Use of a geographic information system to explore spatial variation in pathogen virulence and the implications for biological control of locusts and grasshoppers
Article first published online: 29 MAR 2007
2007 The Royal Entomological Society
Agricultural and Forest Entomology
Volume 9, Issue 3, pages 201–208, August 2007
How to Cite
Klass, J. I., Blanford, S. and Thomas, M. B. (2007), Use of a geographic information system to explore spatial variation in pathogen virulence and the implications for biological control of locusts and grasshoppers. Agricultural and Forest Entomology, 9: 201–208. doi: 10.1111/j.1461-9563.2007.00336.x
- Issue published online: 24 APR 2007
- Article first published online: 29 MAR 2007
- Accepted 24 December 2006First published online 29 March 2007
- Body temperature model;
- Dociostaurus maroccanus;
- insect–pathogen interaction;
- Locustana pardalina;
- Metarhizium anisopliae var. acridum;
- Nomadacris septemfasciata;
- Oedaleus senegalensis;
1 In a previous study, we developed a model to predict the effects of temperature on performance of a fungus-based biopesticide for controlling locusts and grasshoppers. Currently, the model is limited to predicting rate of mortality after a spray application at site-specific locations. The aim of the present study is to enhance the utility of this model by linking it with meteorological station data in a geographic information system (GIS) framework to investigate the spatial variation in the performance of the biopesticide.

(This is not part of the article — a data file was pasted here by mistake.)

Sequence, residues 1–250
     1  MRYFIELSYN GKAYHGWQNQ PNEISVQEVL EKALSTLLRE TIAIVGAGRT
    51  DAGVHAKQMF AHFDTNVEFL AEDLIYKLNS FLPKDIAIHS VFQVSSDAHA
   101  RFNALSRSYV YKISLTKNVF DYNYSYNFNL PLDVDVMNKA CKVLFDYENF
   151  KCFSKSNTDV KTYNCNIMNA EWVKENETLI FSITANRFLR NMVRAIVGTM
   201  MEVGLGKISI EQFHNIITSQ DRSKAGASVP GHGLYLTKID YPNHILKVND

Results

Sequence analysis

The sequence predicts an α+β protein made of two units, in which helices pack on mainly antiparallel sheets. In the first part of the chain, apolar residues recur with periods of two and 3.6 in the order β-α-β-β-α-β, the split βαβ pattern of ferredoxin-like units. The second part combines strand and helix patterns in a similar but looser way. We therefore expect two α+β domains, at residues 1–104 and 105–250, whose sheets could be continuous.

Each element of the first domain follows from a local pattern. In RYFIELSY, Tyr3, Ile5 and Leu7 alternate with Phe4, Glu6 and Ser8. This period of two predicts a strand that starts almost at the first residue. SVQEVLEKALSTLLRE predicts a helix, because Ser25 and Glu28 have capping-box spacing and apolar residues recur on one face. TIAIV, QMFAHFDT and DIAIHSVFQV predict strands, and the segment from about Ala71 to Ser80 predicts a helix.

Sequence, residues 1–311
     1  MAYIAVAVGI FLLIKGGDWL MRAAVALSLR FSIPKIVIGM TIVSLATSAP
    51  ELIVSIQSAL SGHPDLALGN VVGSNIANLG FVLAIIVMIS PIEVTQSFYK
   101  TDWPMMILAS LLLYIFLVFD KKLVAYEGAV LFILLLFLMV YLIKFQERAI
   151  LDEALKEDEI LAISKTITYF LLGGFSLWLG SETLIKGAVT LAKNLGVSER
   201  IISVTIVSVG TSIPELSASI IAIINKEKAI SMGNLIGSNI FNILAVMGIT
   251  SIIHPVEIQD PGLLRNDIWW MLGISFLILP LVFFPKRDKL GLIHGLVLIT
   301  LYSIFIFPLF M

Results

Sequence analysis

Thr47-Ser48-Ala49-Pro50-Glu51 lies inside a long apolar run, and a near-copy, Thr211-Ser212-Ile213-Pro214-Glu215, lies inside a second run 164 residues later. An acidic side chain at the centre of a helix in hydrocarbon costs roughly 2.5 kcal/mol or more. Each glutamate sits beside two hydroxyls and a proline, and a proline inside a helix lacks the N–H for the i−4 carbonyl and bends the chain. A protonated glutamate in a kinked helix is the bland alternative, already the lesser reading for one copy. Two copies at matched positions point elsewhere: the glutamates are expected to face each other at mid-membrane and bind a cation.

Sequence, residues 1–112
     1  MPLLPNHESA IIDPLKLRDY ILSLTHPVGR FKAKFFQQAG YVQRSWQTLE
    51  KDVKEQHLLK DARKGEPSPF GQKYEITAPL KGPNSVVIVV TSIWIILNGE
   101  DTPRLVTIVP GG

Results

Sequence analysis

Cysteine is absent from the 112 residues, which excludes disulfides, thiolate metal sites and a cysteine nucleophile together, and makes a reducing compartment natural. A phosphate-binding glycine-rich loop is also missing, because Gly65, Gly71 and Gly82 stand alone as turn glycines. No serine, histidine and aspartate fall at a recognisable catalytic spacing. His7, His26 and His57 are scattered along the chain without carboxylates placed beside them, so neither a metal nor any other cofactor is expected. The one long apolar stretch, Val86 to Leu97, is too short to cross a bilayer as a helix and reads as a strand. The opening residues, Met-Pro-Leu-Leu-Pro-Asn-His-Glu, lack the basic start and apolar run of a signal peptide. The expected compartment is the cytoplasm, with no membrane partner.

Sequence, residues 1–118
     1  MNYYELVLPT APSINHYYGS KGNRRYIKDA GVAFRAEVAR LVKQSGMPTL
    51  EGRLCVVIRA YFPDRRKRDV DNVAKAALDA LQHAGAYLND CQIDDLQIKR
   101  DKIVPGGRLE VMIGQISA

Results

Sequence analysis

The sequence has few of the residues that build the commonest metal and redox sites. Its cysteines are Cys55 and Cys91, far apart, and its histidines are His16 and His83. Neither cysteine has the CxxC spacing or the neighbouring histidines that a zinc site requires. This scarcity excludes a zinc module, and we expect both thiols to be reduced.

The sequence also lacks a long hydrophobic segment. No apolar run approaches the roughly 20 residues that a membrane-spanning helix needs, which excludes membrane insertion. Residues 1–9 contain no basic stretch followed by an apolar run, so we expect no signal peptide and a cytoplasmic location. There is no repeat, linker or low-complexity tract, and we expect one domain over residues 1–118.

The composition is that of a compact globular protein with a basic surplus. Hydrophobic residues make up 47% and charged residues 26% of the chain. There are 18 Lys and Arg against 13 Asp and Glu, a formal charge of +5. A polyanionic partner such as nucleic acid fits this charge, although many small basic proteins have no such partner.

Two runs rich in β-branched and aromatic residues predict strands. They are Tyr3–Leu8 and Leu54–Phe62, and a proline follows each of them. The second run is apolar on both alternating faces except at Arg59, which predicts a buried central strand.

2 The model provides maps that define spatial variation in pathogen virulence (measured as LT90 for a treated population) across different regions. The model was used to explore the variation in biopesticide performance against four economically important pest species: Moroccan locust Dociostaurus maroccanus in Spain; brown locust Locustana pardalina in South Africa; red locust Nomadacris septemfasciata in Zambia and; Senegalese grasshopper Oedaleus senegalensis in Niger.
3 Model outputs for the different species were partially validated against data from field trials. The models provided good estimates of time to 90% mortality for five out of six independent comparisons. There was also good agreement between the spatial model and equivalent output from the site-specific model.
4 Simulations of virulence against N. septemfasciata in Zambia indicated very uniform, rapid mortality with LT90 throughout the country generally less than 11 days. Pathogen-induced mortality of O. senegalensis in Niger was predicted to be slightly slower and more variable with mortality fastest in the southern regions (< 15 days) and slowing to the north of the country (16–20 days). For both L. pardalina in South Africa and D. maroccanus in Spain, the model revealed highly variable patterns of mortality with LT90 ranging from < 15 days in some areas to > 30 days in others.
5 The implications of these different patterns of variability for the development of optimum use strategies for the various species and the basic understanding of the ecology and evolution of insect–pathogen interactions are discussed.